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Michael K Bokemper, Edgar T Araiza, Kimberly J Templeton, Tyler J Fox
CASE: We describe a 23-year-old man who had multiple recurrences of a giant cell tumor (GCT) of the third metacarpal. Initial treatments consisted of curettage without the use of an adjuvant and bone-grafting. At the time of the latest recurrence, the lesion had extended into the capitate and the trapezoid. Treatment included third-ray resection and limited midcarpal fusion. No local recurrence was identified at more than 1 year after surgery. CONCLUSION: GCTs of the hand should be aggressively treated, but care should be taken to preserve function whenever possible...
March 14, 2018: JBJS Case Connector
Cory K Mayfield, Daniel J Gould, Marie Dusch, Amir Mostofi
BACKGROUND: Current treatment options for persistent scaphoid nonunion are limited to salvage procedures such as proximal row carpectomy (PRC) or 4-corner fusion (4CF). Several small studies have demonstrated that distal scaphoid excision may provide a simpler alternative with faster recovery. The purpose of this study was to determine the efficacy of distal scaphoid excision as a treatment option for symptomatic scaphoid nonunion. METHODS: The MEDLINE and PubMed databases were searched for the use of distal scaphoid excision in scaphoid nonunions...
February 1, 2018: Hand: Official Journal of the American Association for Hand Surgery
Caley M Orr
In most primates, the os centrale is interposed between the scaphoid, trapezoid, trapezium, and head of the capitate, thus constituting a component of the wrist's midcarpal complex. Scaphoid-centrale fusion is among the clearest morphological synapomorphies of African apes and hominins. Although it might facilitate knuckle-walking by increasing the rigidity and stability of the radial side of the wrist, the exact functional significance of scaphoid-centrale fusion is unclear. If fusion acts to produce a more rigid radial wrist that stabilizes the hand and limits shearing stresses, then in taxa with a free centrale, it should anchor ligaments that check extension and radial deviation, but exhibit motion independent of the scaphoid...
January 2018: Journal of Human Evolution
Rebecca Woehl, Johannes Maier, Sebastian Gehmert, Christoph Palm, Birgit Riebschlaeger, Michael Nerlich, Michaela Huber
BACKROUND: Scaphoidectomy and midcarpal fusion can be performed using traditional fixation methods like K-wires, staples, screws or different dorsal (non)locking arthrodesis systems. The aim of this study is to test the Aptus four corner locking plate and to compare the clinical findings to the data revealed by CT scans and semi-automated segmentation. METHODS: This is a retrospective review of eleven patients suffering from scapholunate advanced collapse (SLAC) or scaphoid non-union advanced collapse (SNAC) wrist, who received a four corner fusion between August 2011 and July 2014...
February 13, 2018: BMC Musculoskeletal Disorders
C Spiry, G Bacle, E Marteau, B Charruau, J Laulan
INTRODUCTION: . Radiocarpal dislocation (RCD) and fracture-dislocations (RCFD) are severe but rare injuries for which the treatment and outcomes are not well defined. The aim of this retrospective study was to describe the prevalence of the various injury types and their long-term outcomes. PATIENTS AND METHODS: Between 1992 and 2014, 41 patients with RCFD were seen at our institution. According to the Dumontier classification, there were 4 cases of type 1 and 37 cases of type 2...
February 8, 2018: Orthopaedics & Traumatology, Surgery & Research: OTSR
Fernando Corella, Montserrat Ocampos, Miguel Del Cerro
Background  Patients with scapholunate instability usually have pain in the dorsal wrist. This pain may occur due to the impingement between the scaphoid and the dorsal rim of the radius when the scaphoid is detached from the lunate. This pain appears as the scaphoid is displaced over the dorsal rim of the radius. The arthroscopic scaphoid 3D (dorsal, dynamic, displacement) test is described here to check this pathologic dorsal displacement of the scaphoid. Surgical Technique  The test should be performed both in the radiocarpal and midcarpal joints...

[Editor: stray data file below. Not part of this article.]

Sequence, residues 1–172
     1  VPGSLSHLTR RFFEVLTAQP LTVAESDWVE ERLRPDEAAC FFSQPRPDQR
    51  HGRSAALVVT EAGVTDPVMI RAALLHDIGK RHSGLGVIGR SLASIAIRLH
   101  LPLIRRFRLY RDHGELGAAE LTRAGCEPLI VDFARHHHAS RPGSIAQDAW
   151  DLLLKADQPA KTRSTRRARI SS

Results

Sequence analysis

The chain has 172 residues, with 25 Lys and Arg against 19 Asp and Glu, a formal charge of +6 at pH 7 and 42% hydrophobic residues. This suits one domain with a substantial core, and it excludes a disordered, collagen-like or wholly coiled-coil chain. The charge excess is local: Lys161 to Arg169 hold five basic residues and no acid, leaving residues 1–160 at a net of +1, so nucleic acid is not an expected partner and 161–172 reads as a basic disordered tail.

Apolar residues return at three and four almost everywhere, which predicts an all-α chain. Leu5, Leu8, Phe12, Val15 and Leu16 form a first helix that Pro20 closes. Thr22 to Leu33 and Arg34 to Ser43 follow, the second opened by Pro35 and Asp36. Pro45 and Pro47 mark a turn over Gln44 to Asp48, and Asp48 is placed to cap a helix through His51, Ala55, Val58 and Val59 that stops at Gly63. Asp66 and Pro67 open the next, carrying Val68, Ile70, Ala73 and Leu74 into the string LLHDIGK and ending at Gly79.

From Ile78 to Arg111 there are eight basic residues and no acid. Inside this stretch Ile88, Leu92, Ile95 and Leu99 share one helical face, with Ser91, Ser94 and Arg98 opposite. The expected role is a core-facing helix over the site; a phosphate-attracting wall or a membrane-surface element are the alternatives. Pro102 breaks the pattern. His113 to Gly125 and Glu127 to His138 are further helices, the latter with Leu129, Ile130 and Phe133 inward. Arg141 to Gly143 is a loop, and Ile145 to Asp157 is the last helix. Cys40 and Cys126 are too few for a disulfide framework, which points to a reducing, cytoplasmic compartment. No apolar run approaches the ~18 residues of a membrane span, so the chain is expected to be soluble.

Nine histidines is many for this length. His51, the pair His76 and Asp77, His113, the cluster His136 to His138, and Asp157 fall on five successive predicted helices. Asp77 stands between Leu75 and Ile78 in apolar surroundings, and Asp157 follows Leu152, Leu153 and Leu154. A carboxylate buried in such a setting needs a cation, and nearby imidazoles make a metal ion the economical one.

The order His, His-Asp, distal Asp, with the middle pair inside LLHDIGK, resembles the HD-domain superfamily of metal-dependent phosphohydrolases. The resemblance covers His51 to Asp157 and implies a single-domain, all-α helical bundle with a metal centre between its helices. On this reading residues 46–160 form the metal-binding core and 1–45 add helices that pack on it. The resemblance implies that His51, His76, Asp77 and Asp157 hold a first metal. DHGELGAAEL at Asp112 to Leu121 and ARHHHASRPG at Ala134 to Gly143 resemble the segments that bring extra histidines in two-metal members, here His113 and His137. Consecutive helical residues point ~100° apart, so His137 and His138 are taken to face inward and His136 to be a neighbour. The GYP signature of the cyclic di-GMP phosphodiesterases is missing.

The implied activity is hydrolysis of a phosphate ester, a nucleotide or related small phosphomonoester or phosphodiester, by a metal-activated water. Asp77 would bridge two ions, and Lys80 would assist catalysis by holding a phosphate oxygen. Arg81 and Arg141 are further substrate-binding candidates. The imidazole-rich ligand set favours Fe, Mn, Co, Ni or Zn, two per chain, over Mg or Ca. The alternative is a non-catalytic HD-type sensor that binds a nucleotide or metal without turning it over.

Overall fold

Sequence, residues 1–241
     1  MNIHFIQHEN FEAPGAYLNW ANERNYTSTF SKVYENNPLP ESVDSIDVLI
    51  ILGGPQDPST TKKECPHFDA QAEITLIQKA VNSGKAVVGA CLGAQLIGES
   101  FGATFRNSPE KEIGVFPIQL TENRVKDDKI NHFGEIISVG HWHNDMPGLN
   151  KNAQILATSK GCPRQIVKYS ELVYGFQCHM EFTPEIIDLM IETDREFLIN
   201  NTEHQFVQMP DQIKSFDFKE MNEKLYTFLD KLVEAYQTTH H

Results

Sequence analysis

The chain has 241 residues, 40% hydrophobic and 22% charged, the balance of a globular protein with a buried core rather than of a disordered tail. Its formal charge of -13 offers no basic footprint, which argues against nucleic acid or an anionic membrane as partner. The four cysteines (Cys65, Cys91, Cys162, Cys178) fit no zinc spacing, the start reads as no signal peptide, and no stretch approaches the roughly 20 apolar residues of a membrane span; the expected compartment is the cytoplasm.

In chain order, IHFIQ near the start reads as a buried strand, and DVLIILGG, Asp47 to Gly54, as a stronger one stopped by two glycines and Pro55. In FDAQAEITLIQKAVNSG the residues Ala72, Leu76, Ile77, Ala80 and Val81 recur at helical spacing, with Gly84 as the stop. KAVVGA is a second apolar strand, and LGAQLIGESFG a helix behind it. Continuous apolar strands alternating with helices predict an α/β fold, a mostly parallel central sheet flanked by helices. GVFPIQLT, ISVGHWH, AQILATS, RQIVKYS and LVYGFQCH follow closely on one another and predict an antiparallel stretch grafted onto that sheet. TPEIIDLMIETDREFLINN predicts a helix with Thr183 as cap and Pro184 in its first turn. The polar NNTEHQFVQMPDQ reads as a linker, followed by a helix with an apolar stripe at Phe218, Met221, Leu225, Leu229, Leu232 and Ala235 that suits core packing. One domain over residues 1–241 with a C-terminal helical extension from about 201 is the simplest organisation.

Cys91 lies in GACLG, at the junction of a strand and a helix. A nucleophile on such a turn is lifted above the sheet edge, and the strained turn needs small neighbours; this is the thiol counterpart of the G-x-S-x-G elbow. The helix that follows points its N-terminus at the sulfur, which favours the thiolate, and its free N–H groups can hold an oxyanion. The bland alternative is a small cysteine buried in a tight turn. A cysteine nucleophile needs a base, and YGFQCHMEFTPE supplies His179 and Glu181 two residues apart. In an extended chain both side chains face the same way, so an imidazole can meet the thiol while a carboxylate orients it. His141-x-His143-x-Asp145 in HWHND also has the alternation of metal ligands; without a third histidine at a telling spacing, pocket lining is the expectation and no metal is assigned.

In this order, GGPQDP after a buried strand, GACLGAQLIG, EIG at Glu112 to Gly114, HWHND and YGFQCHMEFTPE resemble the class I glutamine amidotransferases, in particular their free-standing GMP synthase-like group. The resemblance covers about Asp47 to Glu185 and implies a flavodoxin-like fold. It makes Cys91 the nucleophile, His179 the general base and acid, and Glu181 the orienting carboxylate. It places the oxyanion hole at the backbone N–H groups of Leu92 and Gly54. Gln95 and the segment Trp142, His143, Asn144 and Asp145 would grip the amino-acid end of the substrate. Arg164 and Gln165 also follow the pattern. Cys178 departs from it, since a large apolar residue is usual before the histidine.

February 2018: Journal of Wrist Surgery
Herbert P von Schroeder
PURPOSE: Midcarpal instability (MCI) is a cause of chronic wrist pain for which treatment remains controversial. This study's purpose was to determine the outcome of a treatment algorithm for MCI that included immobilization and surgical interventions. METHODS: We prospectively enrolled 23 consecutive patients (12 males, average age 27 years) with 27 symptomatic wrists. All had generalized wrist pain with an average duration of 22 months. All had MCI and a catch-up clunk that reproduced the symptoms...
December 11, 2017: Journal of Hand Surgery
Patrick M Kane, Bryan G Vopat, P Kaveh Mansuripur, Michael P Gaspar, Scott W Wolfe, Joseph J Crisco, Christopher Got
PURPOSE: To identify the relative contributions of the radiocarpal (RC) and midcarpal (MC) joints to dart-thrower's motion (DTM) of the wrist. METHODS: Six cadaveric upper extremities were fixed to a custom-designed loading jig allowing for pure moment-rotation analysis in 24 different directions of wrist motion. Each specimen was tested in 3 states: intact, simulated radiocarpal fusion (sRCF) and simulated pancarpal fusion (sPCF). Moments of ± 1.5 Nm were applied at each of 24 directions for each state and the resulting wrist rotation recorded...
March 2018: Journal of Hand Surgery
Sarah A Shiga, Frederick W Werner, Marc Garcia-Elias, Brian J Harley
PURPOSE: To create a biomechanical model of palmar midcarpal instability by selective ligament sectioning and to analyze treatment by simulated partial wrist arthrodesis. METHODS: Nine fresh-frozen cadaver arms were moved through 3 servohydraulic actuated motions and 2 passive wrist mobilizations. The dorsal radiocarpal, triquetrohamate, scaphocapitate, and scaphotrapeziotrapezoid ligaments were sectioned to replicate palmar midcarpal instability. Kinematic data for the scaphoid, lunate, and triquetrum were recorded before and after ligament sectioning and again after simulated triquetrohamate arthrodesis (TqHA) and radiolunate arthrodesis (RLA)...
November 14, 2017: Journal of Hand Surgery
Meenalochani Shunmugam, Joideep Phadnis, Amy Watts, Gregory I Bain
The aim of this study was to analyse lunate fractures and any associated osseo-ligamentous injuries. A systematic review identified 34 cases. We identified carpal instabilities at the radiocarpal and midcarpal joints in volar and dorsal directions. Radiocarpal instabilities (10/34) were usually dorsoradial (8/10), with a transverse lunate fracture, best seen on a coronal image. Midcarpal instabilities (24/34) were usually volar (14/18), with a volar lunate shear fracture, best seen on a sagittal image. Instabilities were sub-classified into non-displaced, subluxated and dislocated...